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An Old Man’s Reflection on America


I can remember John F. Kennedy winning the presidency. I remember Woodstock, the first moon landing and the original Shelly Cobra. I can also remember Viet Nam, the assassinations of John and Bobby Kennedy, John Lennon and the death of Jim Morrison. I remember the LA race riots and Martin Luther King.

Of course, all old men are inclined to wallow in past decades, scoff at the new generation and relive past glories. (As the saying goes, the older I get, the better I was.) You know who we are. We are the ones that congregate at McDonalds each morning and, with great conviction, solve all of the countries problems. As an official old man, I would like to share some thoughts.

During my lifetime, there has definitely been a liberation of life styles and a loss of morality. Not that anything there is new. Perhaps it is just that we talk about it more and there seems to be a lot more acceptance. Hollywood is still trying to shock us but the shock value is gone and now their efforts are just disgusting. Some youth are still trying to rebel but after the 60’s there really is nowhere to take it (which renders my children’s attempts rather cute.) Discrimination has greatly abated, really. It wasn’t that long ago that it was much worse. We are still not prefect; of course. Nevertheless, we have made a great deal of progress in at least pretending to accept others. We will know that we have arrived when we no longer have to worry about political correctness.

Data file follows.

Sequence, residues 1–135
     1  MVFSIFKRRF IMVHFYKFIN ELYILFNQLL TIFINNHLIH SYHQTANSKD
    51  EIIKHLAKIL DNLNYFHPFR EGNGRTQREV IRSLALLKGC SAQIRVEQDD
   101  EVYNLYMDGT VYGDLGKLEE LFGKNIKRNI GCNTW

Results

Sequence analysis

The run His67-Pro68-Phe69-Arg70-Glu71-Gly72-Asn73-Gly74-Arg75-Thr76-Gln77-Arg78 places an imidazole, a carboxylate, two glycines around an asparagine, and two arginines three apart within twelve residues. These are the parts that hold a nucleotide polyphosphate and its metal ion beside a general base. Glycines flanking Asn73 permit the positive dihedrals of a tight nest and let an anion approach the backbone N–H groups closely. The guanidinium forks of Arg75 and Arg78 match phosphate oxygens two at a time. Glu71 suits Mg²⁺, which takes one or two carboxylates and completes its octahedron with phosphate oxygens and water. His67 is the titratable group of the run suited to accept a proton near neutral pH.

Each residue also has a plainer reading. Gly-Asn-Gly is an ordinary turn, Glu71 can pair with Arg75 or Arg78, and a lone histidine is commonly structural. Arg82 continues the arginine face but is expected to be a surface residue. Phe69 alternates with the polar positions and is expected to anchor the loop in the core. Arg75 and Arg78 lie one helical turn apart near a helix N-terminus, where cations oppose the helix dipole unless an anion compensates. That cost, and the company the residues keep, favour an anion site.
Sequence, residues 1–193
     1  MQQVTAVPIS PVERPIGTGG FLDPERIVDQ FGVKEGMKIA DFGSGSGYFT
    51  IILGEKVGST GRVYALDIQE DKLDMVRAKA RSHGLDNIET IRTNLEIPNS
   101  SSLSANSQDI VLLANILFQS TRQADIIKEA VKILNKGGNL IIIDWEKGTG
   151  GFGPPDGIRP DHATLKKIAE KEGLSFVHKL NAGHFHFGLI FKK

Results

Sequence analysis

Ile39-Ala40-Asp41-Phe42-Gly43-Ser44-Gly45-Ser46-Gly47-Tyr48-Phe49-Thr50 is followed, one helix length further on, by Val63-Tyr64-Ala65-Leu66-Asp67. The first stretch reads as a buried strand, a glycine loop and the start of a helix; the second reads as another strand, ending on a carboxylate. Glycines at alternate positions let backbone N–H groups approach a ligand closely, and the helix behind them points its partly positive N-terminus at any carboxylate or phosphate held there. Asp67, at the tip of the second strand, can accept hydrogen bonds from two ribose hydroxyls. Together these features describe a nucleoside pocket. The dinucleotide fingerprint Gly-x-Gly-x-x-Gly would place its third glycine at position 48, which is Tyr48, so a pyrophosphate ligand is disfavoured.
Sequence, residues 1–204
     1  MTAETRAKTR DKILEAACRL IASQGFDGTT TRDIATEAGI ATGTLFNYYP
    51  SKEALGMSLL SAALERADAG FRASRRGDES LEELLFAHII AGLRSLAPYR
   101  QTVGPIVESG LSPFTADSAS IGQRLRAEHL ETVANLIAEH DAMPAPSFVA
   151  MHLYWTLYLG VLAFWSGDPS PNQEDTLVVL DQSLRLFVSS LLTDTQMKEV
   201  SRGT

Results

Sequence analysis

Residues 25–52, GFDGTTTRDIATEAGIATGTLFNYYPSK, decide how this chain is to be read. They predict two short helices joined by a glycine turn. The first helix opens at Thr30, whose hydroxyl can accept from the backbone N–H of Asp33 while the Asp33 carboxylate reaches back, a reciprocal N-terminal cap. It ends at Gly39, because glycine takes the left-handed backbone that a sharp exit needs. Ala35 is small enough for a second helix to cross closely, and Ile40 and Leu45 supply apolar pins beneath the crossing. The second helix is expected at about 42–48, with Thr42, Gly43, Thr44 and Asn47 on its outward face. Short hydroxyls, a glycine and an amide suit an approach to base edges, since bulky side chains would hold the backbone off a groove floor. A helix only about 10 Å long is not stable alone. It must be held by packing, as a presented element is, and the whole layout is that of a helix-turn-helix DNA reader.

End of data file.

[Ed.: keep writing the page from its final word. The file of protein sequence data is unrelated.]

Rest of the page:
We have become much more of a police state. Policemen used to be your friends. Now if you smile and wave they look at you like you’re the local drug dealer. I have been noticing for some time now that police departments have become little armies. When did that happen anyway? The increase in the police state seems to go along with a lessening of community. Your neighbors used to help raise your kids along with theirs. Now if they try to help you sue them. So instead of the neighbors calling you about your wayward children they call the police and police are really bad at parenting. Well, to be honest only about 30 percent of them are. (My own observation from having been in law enforcement.) The rest are fantastic.

Politicians still lie and denigrate each other. If you think that has gotten worse just go back to the Lincoln, Douglas debates. Political organizations have just gotten bigger and more efficient at inaccurately defining opponents thanks to statistics, technology and money. We are still arguing over the constitution, the deficit and presidential authority. So, in many ways things have not really changed that much. There is one thing however that really does concern me.

I worry about spin and the gullibility of the American voter.

The founding fathers realized that a democracy only works with an educated electorate. Since the American population really wasn’t all that educated at the time, they set up a democratic republic instead of a pure democracy intending that we be represented by a local leader who was wise and educated. Today we actually go the ballot box and cast our own vote. For democracy to work, the voter must be familiar with the issues and be sufficiently educated to make a decision based on their own personal evaluation rather than on hype. So how are you doing at seeing through the spin?

Here is a little test. Do you…

  • Like to listen to Sean Hannity and tend to believe what he says.